Over on Sky, there is the instant negative in that there are commercials. Even in the BBC live weekends, they choose to run commercials in practice. Some will moan, on the other hand, I would just say “press Red and go onboard”. That is what it is there for, to be used, so it may as well be used, plus the Onboard and Pitlane channels can pick up things that may not be seen on the main feed. I do find that they don’t answer many Twitter questions though when you compare 5 Live from 2009 through to today. I’m not sure whether it is because they don’t want to or because they don’t get enough questions through, but the interactivity has not done much for me this year in terms of getting the viewers involved. Even on The F1 Show on Friday’s there is no interaction at all for what is meant to be a magazine style show. I raised the Twitter point back in June and it still applies now.

The camera issue still frustrates me as well, and does not appear to have changed one bit. Watching practice two this afternoon on Sky and every time they cut to Martin Brundle, so does the camera. Why? It does not enhance the broadcast, plus you only cut away from the World Feed when someone is setting a competitive lap-time. Another thing is that the cut-away’s are too long, almost as if the director has fallen asleep. Five to ten seconds is enough to illustrate a point, not half a minute. Hopefully they re-evaluate this for 2013. I should make it clear that I do not mind it if something is being shown, ie. Ted Kravitz showing us an upgrade because that is very useful (and something I prefer over the BBC here) and helps the viewer see clearly what is being explained. I think the problem is that they have too many cameras down in pit-lane, for example in Practice 1 on BBC, I spotted about 16 minutes in on the World Feed a Sky Sports F1 camera following Lewis Hamilton despite FOM doing a perfectly capable job there. It seems a waste of resources to me.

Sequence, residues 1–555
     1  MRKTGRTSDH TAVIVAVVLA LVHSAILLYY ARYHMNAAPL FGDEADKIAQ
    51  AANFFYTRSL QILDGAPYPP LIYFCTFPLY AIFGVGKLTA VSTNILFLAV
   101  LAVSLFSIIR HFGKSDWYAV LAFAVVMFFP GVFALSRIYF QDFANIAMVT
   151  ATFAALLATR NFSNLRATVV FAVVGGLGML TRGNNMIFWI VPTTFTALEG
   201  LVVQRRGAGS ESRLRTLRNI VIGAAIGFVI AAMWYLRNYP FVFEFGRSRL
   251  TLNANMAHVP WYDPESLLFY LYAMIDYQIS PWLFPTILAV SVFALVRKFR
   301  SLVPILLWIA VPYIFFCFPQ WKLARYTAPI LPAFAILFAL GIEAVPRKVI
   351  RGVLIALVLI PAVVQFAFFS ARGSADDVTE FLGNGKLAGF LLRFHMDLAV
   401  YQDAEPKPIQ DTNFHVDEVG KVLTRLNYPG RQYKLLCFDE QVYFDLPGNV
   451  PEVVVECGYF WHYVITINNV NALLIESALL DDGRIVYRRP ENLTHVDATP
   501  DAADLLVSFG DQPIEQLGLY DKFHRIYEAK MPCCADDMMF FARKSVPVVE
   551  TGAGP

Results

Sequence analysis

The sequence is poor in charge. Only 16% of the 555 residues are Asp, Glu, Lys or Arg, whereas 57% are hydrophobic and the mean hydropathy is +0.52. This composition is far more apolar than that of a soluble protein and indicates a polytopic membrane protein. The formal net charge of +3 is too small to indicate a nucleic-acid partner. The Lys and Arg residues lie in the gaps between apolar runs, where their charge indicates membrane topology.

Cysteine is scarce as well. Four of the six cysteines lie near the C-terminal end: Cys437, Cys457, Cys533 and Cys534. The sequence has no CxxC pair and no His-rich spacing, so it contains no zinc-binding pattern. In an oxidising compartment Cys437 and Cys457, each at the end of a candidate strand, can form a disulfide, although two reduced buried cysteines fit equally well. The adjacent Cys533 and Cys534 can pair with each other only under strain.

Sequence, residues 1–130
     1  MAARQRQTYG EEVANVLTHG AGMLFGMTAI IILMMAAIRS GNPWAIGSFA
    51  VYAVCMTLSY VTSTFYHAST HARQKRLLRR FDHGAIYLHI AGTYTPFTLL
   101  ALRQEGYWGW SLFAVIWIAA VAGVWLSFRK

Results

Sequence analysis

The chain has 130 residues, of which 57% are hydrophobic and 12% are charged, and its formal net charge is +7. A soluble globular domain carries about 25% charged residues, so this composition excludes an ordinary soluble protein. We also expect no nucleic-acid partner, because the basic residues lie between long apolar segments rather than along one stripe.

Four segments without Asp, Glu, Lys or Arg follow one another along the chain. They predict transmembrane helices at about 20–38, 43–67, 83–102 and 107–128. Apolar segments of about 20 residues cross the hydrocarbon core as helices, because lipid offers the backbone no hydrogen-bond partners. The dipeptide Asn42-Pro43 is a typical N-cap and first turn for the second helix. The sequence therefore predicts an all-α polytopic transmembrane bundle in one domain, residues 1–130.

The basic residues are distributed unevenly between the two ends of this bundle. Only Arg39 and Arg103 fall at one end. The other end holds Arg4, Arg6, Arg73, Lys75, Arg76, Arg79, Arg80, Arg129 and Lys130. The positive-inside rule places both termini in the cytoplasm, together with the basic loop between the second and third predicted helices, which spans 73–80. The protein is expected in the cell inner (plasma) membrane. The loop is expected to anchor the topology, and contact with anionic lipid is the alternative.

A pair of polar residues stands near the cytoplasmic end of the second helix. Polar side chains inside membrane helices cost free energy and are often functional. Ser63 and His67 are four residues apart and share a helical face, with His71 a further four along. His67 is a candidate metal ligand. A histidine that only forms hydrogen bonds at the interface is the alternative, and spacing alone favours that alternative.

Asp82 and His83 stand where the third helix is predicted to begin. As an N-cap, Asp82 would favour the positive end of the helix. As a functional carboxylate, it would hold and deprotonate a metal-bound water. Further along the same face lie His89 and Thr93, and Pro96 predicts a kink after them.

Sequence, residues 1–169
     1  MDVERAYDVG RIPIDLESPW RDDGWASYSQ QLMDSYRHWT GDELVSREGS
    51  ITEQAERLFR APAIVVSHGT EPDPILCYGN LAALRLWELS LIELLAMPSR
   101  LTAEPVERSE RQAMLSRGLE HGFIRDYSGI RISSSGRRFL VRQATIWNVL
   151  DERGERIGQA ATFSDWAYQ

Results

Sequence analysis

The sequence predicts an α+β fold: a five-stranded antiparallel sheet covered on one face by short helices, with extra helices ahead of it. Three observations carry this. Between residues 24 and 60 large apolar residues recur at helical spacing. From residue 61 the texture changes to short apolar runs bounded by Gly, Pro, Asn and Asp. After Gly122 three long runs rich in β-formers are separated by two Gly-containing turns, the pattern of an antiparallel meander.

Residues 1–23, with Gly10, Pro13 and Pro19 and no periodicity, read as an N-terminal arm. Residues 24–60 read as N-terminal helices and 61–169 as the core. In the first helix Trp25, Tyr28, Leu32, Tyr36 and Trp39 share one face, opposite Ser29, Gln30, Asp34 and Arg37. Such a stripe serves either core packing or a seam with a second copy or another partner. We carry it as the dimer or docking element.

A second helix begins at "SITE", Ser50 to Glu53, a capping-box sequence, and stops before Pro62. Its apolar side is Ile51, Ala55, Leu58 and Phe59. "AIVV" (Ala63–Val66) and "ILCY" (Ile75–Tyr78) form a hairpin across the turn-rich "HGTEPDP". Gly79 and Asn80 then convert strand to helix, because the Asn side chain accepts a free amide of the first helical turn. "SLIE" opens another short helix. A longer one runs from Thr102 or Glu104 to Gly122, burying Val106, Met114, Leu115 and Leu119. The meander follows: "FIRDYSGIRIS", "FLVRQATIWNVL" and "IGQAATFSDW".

A better use of cut-away’s would be sending Martin Brundle to a fast corner (say Mergulho in Interlagos, turns 11 and 12 in Melbourne) and putting the camera there and getting him to do pieces to camera live analysing X, Y and Z and saying what he sees from the naked eye. I’m surprised Sky have not done a feature like that this year, because I’d find that more informative than keeping Brundle in pit-lane restrained. Sky have practice build-up and outro, the build-up is not very much, just talk-and-chalk, but the outro is a good half an hour length which includes interviews, today had Martin Whitmarsh, Mark Webber and Monisha Kaltenborn, so this is worth watching.